As if Snap wasn’t feeling enough heat, Facebook’s strong second quarter earnings should turn the flames up a bit higher.
Snap won’t report its own earnings until August 10. But on Wednesday, Facebook said revenue rose 44.8 percent in the three months ending June 30. That’s slower than the 59 percent growth rate from the same period a year ago but still big for a company the size of Facebook.
In after-market trading, that news sent Facebook’s stock up 3.73 percent to $171.79 per share, which would be a new record for the company. So far, Facebook’s stock has jumped 43.95 percent this year.
Which, by coincidence, is about how much Snap’s stock has fallen since its IPO: 45.26 percent.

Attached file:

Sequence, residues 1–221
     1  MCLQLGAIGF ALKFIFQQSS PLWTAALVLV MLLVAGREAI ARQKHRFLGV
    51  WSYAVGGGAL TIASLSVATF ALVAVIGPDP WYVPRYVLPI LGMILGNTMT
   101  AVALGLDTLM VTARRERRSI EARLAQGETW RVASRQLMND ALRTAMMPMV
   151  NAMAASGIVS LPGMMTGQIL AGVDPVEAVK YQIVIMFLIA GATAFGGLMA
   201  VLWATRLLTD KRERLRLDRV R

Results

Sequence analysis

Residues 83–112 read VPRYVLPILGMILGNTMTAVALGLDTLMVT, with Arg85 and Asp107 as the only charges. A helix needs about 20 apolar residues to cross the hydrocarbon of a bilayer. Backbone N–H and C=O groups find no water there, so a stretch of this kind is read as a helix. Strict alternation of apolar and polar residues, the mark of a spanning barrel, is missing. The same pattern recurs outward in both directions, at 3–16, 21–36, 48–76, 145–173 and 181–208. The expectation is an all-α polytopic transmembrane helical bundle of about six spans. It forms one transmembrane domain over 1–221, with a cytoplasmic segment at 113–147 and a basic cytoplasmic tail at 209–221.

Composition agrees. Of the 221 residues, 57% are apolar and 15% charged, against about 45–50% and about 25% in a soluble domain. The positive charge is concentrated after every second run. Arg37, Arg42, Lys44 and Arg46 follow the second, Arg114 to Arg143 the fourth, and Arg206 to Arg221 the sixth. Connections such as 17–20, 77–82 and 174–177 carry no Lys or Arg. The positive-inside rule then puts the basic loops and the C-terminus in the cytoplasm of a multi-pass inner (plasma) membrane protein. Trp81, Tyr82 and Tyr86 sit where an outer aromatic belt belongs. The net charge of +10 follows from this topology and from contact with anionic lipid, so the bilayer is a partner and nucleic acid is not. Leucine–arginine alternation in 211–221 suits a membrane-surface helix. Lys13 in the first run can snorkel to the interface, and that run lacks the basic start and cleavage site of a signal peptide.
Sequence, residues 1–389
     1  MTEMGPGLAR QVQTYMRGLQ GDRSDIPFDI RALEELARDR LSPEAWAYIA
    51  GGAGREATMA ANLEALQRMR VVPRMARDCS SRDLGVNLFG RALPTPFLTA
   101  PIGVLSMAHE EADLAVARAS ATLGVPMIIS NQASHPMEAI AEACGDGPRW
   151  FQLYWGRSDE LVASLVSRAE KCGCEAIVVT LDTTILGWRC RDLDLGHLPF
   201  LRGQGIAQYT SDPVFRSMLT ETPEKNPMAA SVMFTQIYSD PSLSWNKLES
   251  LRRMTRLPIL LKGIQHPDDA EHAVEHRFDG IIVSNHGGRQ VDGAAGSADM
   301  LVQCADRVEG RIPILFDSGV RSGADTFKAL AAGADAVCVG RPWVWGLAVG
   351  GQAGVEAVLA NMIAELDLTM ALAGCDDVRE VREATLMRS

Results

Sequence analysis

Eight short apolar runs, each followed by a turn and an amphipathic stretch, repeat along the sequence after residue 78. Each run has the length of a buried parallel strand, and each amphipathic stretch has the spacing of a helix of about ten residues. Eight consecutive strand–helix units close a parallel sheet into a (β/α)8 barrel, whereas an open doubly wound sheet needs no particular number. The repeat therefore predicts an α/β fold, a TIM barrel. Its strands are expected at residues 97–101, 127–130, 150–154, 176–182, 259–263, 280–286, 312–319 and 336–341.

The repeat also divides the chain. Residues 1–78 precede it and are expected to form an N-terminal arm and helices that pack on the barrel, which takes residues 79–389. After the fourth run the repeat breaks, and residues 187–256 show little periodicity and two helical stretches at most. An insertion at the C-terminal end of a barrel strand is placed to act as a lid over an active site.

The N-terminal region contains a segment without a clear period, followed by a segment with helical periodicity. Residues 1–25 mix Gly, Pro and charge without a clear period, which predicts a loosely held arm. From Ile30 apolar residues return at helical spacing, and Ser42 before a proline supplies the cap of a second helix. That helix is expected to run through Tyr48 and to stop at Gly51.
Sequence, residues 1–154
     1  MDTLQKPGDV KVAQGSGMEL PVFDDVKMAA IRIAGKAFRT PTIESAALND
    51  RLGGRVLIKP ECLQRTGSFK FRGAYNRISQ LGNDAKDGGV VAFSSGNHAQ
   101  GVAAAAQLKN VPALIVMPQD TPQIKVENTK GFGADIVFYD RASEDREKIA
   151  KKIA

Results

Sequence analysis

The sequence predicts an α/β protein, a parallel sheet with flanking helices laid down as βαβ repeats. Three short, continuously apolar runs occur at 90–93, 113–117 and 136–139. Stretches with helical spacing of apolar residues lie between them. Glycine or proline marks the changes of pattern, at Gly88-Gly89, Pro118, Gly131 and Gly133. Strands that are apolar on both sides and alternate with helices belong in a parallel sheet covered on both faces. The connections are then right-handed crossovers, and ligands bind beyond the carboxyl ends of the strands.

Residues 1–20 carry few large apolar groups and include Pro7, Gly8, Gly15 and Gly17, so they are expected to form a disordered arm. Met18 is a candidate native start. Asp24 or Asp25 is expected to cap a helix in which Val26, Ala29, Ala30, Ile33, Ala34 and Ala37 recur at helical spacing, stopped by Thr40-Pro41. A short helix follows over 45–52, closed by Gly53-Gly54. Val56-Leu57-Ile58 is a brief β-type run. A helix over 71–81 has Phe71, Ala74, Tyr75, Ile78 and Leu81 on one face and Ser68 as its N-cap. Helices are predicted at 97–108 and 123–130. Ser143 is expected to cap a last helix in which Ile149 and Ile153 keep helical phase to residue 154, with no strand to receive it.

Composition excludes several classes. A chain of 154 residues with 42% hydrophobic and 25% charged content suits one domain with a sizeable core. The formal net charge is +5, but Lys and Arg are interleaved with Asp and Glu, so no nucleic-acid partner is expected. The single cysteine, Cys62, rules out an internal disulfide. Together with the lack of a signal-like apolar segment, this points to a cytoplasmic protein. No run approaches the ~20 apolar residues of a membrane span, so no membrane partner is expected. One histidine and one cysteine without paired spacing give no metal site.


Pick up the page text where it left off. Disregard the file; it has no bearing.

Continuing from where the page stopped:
On Wednesday, Snap’s stock closed at $13.40 per share, down 3.53 percent. And in after-market trading, investors pushed it down another 2.27 percent. The company won’t be helped by news that a critical stock index may exclude it due to its governance rules that limit transparency.
But in the longer-term, it’s the threat from Facebook that casts the longest shadow.
Snap and Facebook are linked forever, it seems, thanks to the tale that the former once rejected the latter’s $3 billion buyout offer. At $15.8 billion, Snap is still valued well above that offer. But Facebook’s relentless copying of Snap’s features via Instagram Stories has investors worried that Snap will have a tough time finding ways to grow users and revenues.
By not offering much in the way of a plan for stoking user growth or a longer-term vision for the company, Snap executives didn’t help themselves during their first earnings call.
They’ll get a second chance to restore investors’ confidence next month. But with Facebook firing on all cylinders, a weak earnings report from Snap could leave many investors wishing the company had accepted that Facebook buyout offer all those years ago.